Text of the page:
|Type||Soup or stew|
|Place of origin||Various|
|Main ingredients||Beef tails|
Oxtail soup is made with beef tails. The use of the word "ox" in this context is a legacy of nomenclature; no specialized stock of beef animals are used and tails may come from bovines other than oxen. It is believed by some that oxtail soup was invented in Spitalfields in London in the seventeenth century by French Huguenot and Flemish immigrants, from the tails of animals. Different versions of oxtail soup exist: Korean, Chinese, a fried/barbecued oxtail combined with soup variation which is a popular dish in Indonesia where it is called as sop buntut. An ethnic dish of the American South which traces its lineage back to the pre-revolutionary war era, and a thick, rich, gravy-like soup popular in the United Kingdom since the 18th century. Creole oxtail soup is made from a tomato base with oxtails, potatoes, green beans, corn, mirepoix, garlic, and herbs and spices.
Though translated literally as "oxtail soup" (牛尾汤 Niúwěi tāng), this version of the dish is somewhere between a soup and a stew. One of the defining characteristics of oxtail soup is that it contains a large mass of solid ingredients, rather than ingredients that have been diced or shredded as is the norm with Chinese soup. Chunks of oxtail, potato, carrots, cabbage, tomato, and mushrooms are mixed in water, and salted to taste. The mixture should be heated at a slow boil, to allow time for the ingredients to release their flavors. In particular, the tomatoes and potatoes should largely disintegrate into the water, giving the broth a reddish-orange coloration and thickening it. As to be expected, oils from the oxtail lend most of the flavor. The soup is served with all of the ingredients.
In Indonesian cuisine, oxtail soup (Indonesian: sop buntut) is a popular dish. It is made of slices of fried or barbecued oxtail, served with vegetables in a rich but clear beef broth. It contains boiled potatoes, carrots, tomatoes, leek, celery, fried shallots and dried black mushrooms. Indonesian sop buntut is seasoned with shallot, garlic and native spices such as black pepper, nutmeg, and clove. A relatively new variant is called sop buntut goreng (fried oxtail soup), where the oxtail is seasoned, fried and served dry; the soup is served in a separate bowl. The dish is commonly eaten with rice and accompanied by sambal, sweet soy sauce and lime juice. Some restaurants specialize in oxtail soup, among them the famous Bogor Café in the Hotel Borobudur in Central Jakarta.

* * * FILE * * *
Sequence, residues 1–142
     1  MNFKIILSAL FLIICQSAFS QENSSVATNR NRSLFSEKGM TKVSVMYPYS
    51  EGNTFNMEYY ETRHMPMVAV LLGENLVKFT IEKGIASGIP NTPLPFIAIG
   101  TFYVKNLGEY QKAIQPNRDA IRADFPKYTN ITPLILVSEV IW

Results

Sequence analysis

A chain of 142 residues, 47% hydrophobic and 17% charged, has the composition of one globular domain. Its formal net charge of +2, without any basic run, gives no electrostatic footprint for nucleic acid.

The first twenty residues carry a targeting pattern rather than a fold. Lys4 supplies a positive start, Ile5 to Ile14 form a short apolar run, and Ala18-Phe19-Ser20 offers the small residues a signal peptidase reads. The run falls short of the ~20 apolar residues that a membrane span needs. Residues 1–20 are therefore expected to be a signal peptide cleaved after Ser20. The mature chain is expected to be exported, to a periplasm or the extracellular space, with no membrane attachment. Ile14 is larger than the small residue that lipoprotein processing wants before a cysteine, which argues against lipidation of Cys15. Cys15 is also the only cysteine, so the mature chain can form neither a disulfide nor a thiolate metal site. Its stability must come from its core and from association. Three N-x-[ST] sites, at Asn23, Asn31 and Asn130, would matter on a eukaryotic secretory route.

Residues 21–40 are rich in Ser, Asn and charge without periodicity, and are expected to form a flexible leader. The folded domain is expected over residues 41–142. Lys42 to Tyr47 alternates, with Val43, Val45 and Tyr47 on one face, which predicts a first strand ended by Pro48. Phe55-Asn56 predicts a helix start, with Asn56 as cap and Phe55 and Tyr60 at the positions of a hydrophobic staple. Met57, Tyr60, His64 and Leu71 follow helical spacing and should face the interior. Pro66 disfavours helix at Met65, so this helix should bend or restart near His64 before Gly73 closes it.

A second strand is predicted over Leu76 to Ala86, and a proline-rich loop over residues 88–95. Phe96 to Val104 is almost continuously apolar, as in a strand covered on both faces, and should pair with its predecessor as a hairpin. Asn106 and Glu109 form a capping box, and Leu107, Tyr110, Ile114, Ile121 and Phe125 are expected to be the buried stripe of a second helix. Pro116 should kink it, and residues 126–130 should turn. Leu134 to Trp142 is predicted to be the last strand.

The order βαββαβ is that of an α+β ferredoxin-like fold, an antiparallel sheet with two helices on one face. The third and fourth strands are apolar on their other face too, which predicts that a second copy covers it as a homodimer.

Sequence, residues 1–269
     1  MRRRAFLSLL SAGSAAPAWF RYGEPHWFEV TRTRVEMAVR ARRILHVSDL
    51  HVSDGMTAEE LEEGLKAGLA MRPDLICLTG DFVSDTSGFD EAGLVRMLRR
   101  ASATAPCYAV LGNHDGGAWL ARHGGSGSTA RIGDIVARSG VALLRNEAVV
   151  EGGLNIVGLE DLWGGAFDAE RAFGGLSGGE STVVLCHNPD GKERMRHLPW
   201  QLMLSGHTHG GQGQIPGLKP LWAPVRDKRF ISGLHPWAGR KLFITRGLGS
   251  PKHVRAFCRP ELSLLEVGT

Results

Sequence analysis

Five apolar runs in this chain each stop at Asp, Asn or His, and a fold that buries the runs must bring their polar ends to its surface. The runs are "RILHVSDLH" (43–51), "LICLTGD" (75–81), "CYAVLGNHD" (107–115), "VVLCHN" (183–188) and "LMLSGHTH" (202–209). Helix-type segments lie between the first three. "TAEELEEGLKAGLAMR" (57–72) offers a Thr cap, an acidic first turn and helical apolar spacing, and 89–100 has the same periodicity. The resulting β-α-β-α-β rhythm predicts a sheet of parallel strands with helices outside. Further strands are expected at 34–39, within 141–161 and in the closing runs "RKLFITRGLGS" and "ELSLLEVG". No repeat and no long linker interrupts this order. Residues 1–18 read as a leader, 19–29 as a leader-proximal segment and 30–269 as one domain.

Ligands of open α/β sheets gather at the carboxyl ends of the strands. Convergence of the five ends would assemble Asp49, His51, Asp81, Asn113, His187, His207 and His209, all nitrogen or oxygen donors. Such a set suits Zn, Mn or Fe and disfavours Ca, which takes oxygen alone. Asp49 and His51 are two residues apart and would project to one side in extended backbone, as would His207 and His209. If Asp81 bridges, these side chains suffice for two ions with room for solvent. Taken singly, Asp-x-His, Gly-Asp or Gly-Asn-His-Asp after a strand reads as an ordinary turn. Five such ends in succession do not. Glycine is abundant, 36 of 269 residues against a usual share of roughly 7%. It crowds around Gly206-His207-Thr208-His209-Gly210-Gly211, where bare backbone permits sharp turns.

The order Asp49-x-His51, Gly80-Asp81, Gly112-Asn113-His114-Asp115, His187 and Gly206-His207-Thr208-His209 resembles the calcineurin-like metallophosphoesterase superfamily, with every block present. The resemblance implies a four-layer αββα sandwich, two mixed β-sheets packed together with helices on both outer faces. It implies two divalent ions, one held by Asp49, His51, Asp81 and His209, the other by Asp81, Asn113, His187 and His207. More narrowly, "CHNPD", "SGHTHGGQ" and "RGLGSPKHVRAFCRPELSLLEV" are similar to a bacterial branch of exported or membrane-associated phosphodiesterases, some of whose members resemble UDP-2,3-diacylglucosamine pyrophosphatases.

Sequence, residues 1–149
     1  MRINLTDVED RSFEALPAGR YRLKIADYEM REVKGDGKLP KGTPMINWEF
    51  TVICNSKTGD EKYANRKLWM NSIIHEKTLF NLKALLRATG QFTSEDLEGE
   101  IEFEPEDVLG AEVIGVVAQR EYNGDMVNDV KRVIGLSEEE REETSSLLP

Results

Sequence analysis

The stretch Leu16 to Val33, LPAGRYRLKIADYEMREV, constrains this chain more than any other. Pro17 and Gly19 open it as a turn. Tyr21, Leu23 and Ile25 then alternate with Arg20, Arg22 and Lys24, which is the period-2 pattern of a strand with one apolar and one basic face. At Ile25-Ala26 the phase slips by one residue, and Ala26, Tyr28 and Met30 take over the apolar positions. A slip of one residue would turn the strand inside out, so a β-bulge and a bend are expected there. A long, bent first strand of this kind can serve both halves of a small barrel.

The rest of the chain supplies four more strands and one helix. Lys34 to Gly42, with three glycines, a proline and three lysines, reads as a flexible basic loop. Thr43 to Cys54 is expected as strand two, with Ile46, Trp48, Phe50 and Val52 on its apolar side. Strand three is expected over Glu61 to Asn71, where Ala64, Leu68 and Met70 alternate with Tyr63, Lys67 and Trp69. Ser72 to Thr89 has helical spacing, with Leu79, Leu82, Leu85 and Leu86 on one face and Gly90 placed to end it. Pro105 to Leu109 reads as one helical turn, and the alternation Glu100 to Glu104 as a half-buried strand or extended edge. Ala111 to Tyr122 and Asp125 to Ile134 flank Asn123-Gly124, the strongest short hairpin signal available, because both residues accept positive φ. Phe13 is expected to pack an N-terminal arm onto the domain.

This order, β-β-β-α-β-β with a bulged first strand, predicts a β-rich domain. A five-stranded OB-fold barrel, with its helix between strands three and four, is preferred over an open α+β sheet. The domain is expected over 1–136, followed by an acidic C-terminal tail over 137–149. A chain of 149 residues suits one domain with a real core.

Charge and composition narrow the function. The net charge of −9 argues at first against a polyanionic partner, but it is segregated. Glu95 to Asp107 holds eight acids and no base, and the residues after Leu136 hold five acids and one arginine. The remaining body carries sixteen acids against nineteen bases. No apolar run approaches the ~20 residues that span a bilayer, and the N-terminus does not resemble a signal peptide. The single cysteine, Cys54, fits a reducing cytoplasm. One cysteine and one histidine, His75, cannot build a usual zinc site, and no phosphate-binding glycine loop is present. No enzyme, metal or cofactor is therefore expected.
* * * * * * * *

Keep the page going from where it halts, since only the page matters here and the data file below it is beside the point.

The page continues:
Korean oxtail soup, called kkori-gomtang (꼬리곰탕), is a type of gomguk (beef bone soup). It is colloquially known as "bone soup". The broth is made with raw oxtail, garlic, salt, black pepper, green onions and other typical Korean flavors. The soup must be simmered at low heat for several hours to soften the meat and make the broth. During this time, the layer of fat must be regularly skimmed from the surface of the pot and discarded. The final result is a rich beef broth with a garlic taste and bits of soft meat.